Nothing drives home the dismal reality of the Duterte administration’s failed “war on drugs”—if that point still needs reiterating at this time, over five cautionary years later—than the raid last Saturday by agents of the Philippine Drug Enforcement Agency (PDEA) on a beach party in Davao de Oro, which yielded some P1.5 million worth of party drugs and other narcotics.
The drug-fueled blowout happened right in the home province and bailiwick of President Duterte. And that party, which led to the arrest of 17 individuals, had a local VIP in attendance: Davao City information officer Jefry Tupas, said to be one of the closest aides of Davao City Mayor Sara Duterte, the President’s daughter. Once news of the drug bust broke out, Tupas (who goes by the female pronoun) was immediately fired from her job. Sara Duterte’s terse statement on the incident—released on Nov. 9, or three days after the Nov. 6 raid—had nothing to say about the suspected involvement of her aide in the explosive issue of drugs, and neither was the mayor apparently inclined to know: “The details of the raid are known only to the PDEA officers in Davao de Oro and Ms. Tupas,” the statement said.
Tupas admitted to have been at the party with her boyfriend, but her official excuse was that she left the event an hour before the raid. Several of those arrested, however, told reporters a different story: Tupas was in fact among those caught and rounded up, and when the PDEA agents started identifying their targets, Tupas immediately disclosed that she was “a staff of Inday Sara.” Later, the same detainees recalled, Tupas and several others were released.
What could have emboldened the partygoers to flout the law under the noses of authorities in the Dutertes’ own backyard? Could the presence of Tupas among them explain the brazen attitude? And did Tupas in turn assume that she and her cohorts would get away with such activities given her ties to the powers that be? On the other hand, with all its clout, control, connections, and resources, how was it possible for the administration of Mayor Sara not to have any inkling about the suspect company kept by one of its most powerful officials?
Initially mum about the incident, the PDEA has now announced an investigation into the incident and Tupas’ involvement. Whatever the outcome of the probe, the incident is another blow to what little credibility is left of the administration’s vaunted drug war.
The drug problem is “swallowing” the country, Mr. Duterte himself admitted at a campaign rally in 2019. “You can read it every day … There are billions worth of drugs. Before, it was only thousands. Drugs, I cannot control, son of a b***h, even if I ordered the deaths of these idiots,” he said, referring to the thousands of drug suspects killed in police raids.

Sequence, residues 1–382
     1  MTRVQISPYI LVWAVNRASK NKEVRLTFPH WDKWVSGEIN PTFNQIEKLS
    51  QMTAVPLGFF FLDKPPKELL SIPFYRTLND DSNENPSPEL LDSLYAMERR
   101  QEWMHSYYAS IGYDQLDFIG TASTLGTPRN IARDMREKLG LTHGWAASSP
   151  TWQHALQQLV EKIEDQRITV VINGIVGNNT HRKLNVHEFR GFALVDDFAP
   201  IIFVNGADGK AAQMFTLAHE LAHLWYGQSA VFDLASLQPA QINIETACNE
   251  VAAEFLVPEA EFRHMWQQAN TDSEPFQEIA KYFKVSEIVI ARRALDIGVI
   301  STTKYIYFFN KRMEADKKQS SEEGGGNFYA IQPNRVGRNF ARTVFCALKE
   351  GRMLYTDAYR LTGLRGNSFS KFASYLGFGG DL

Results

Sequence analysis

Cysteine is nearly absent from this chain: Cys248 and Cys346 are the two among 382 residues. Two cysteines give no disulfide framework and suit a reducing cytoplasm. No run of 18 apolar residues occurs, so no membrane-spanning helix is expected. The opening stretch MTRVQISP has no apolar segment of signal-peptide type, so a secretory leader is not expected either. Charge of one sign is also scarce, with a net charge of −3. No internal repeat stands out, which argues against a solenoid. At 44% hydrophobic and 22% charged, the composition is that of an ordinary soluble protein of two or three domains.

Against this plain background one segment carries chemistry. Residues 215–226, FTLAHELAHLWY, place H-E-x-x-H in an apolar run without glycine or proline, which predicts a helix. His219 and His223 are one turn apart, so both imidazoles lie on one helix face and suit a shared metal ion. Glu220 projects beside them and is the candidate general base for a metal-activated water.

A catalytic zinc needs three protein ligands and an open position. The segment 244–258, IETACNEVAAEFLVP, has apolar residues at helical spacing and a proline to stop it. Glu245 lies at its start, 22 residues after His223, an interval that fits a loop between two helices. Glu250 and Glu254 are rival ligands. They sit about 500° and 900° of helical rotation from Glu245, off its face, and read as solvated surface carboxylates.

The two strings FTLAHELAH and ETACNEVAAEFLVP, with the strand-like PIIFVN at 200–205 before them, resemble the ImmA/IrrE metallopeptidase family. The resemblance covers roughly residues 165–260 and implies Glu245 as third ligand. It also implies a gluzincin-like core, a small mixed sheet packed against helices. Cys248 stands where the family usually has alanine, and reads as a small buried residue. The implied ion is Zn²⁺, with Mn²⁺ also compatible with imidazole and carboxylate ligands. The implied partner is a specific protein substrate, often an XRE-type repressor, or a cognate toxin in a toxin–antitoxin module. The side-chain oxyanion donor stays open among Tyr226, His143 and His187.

In June last year, the President described the police haul of 756 kilos of methamphetamine from another drug operation as proof that the Philippines has become a transshipment point for narcotics.
Then again, the program’s failure may be partly self-inflicted: The President, who has styled himself as the unforgiving nemesis of anything related to drugs, is conveniently forgiving when it comes to the drug-related scandals of allies and friends.
There’s former Customs commissioner Nicanor Faeldon, who escaped prosecution in the sensational P6.4 billion “shabu” shipment case in 2017. In the end, only the warehouse caretaker was charged, arrested, and detained for two years until the case was dismissed. Faeldon, meanwhile, was made the deputy administrator of the Office of Civil Defense.
Then there’s Mr. Duterte’s former Davao police chief Isidro Lapeña, who was relieved as Customs commissioner for the smuggling of an even bigger drug haul—P11 billion worth of shabu hidden in four magnetic lifters in a Cavite warehouse in 2018. Excusing his incompetence as more of naivete (“nalusutan”), the President promoted Lapeña to a Cabinet post as Secretary of the Technical Education and Skills Development Authority.
The administration’s glaringly uneven and differing standards in its antidrug campaign have only ended up undermining the program. The 2018 report of Eduardo Acierto, for instance, was ignored by the police and Malacañang despite its grave content: The former deputy director of the Philippine National Police’s Drug Enforcement Group revealed the possible links to illegal drugs of “presidential economic adviser” Michael Yang.
Acierto has since resurfaced and expressed willingness to testify against Yang, who has been implicated as the financier in the Pharmally controversy. Will the allegation get proper attention this time? Not likely, and for a depressingly familiar reason: Mr. Duterte is staunchly standing by his friend Yang, defending him to high heaven while excoriating the senators digging into the Pharmally mess.